“Go therefore and make disciples of all the nations…teaching them to observe all that I commanded you; and lo, I am with you always, even to the end of the age” (Matthew 28:19-20, NASB).


1)  PRINCIPLES OF PRAISE: Examples of Dependence in Worship (Matthew Bassford)
2) Sword Tips #5 (Joe R. Price)


PRINCIPLES OF PRAISE: Examples of Dependence in Worship

Matthew Bassford

Synopsis: Like past heroes of faith, Christians look to God for guidance, and submit to His instruction. This spirit of dependence should be ever present in our worship.



As Christians, we know we are utterly dependent on God, and we frequently acknowledge that dependence in worship. In the words of the great hymn “Be with Me, Lord,” we dare not try to take one step alone. Indeed, it is hard to imagine going through an entire worship service without some expression of our complete reliance on God. We know the truth, so we’d better confess it before Him!

This is not a new idea. For as long as God’s people have confronted challenges beyond their ability, puzzles beyond their understanding, and enemies beyond their strength, they have admitted their helplessness to their Creator and looked to Him for grace. They knew they needed Him just like we do, so they sought His help in worship.

In fact, it is striking how often biblical heroes adopted this approach. Many of the stories of Scripture that most inspire us do so not because of the hero’s abilities, but because of his decision to turn his problems over to God. Nor are any of these ever disappointed. When we consider how they overcame through confessing their dependence in worship, it is clear how we can overcome too.

Solomon’s Appeal for Wisdom

The first of these stories of worshipful dependence that we are going to consider (there are many more that we will not) concerns the young king Solomon. Once he has established his reign by carrying out the bloodthirsty advice of his aged father, David, he is left at a loss about what to do next. He has inherited a vast kingdom that takes up almost the entire eastern coast of the Mediterranean. In this kingdom are countless people and a number of subject nations. Even David himself had trouble keeping this massive realm under control!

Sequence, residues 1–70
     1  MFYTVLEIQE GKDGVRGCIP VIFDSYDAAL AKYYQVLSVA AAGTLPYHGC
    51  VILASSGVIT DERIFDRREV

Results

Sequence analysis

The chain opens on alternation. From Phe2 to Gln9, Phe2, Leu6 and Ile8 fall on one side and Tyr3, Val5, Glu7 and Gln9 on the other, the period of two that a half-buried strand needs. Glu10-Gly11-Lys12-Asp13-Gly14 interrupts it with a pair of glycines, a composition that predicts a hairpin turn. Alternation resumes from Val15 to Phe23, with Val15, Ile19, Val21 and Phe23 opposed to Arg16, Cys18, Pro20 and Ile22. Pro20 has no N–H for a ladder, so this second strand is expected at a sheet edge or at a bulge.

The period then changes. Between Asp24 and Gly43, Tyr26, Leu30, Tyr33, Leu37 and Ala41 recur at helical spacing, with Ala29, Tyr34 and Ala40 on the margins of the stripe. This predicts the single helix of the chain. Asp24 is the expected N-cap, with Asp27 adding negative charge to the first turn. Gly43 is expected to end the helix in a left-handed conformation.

In Solomon’s own estimation, this is not a job for which he’s equipped. As he says to God in 1 Kings 3:7, “I am a little child and do not know how to go out or come in.” When it comes to managing his massive responsibilities, he’s baffled.

Indeed, he sees only one way out. As God does for Solomon’s descendant, Ahaz, in Isaiah 7, so He does for Solomon in 1 Kings 3. God offers him help. Unlike Ahaz, who refused to ask the Lord for a sign, Solomon takes Him up on His offer. God tells Solomon to ask for whatever he wants, and Solomon asks for wisdom: an understanding heart and the ability to judge a great people. Without God’s help, Solomon has no hope of success; but with it, he has no fear of failure. Unsurprisingly, this humble admission pleases God, and He blesses Solomon with wisdom more richly than anyone else before or since.

When we ourselves feel overwhelmed, we could ask for no better example. We need to bring our overwhelmedness to God, and one of the best ways to do so is in the songs we sing. “Be with Me, Lord” does a great job of expressing these sentiments. So also does “I Need Thee Every Hour.” When we come to our Father seeking His help in this way, we can be certain that He will give us bread, not a stone.

Daniel’s Prayer for Insight

We see the same dependence on God in young Daniel and his friends (Dan. 2). However, unlike Solomon, who was at sea in a complicated and confusing situation, the four Hebrew exiles know exactly what their problem is. His name is Nebuchadnezzar.

Nebuchadnezzar has got it into his kingly head that any wise man worthy of the name not only will be able to interpret the dream he has had, but they will be able to tell it to him without him telling them first. As the assembled Chaldean sorcerers point out in Daniel 2:10-11, this is impossible. Nobody can do that!

Nebuchadnezzar takes this refusal in the way that ancient Middle Eastern rulers commonly took refusals. He becomes violently angry and commands the death of every wise man in Babylon—including Daniel and his three friends, even though none of them had anything to do with the mess! In response, Daniel pleads with the captain of the guard for a stay of execution, and he urges his three friends to pray so that the nature of the king’s dream will be revealed to Daniel, and they all can survive.

Once again, as soon as God’s people admit their dependence on Him and turn to Him for help, He comes through in the clutch. That very night, God gives the answer to Daniel in a vision of his own, and because of His help, all the wise men of Babylon are spared.

It’s quite common for us too to encounter dilemmas that seem insoluble to us. We don’t know the answer, and bad things will happen to us unless we find it. Seeking God’s help is the right answer here, too. Once again, we can seek it in song. “Teach Me Thy Way” is a hymn that can help us with this. “In the Hour of Trial” is another, focused particularly on our dependence on Jesus when we are tempted.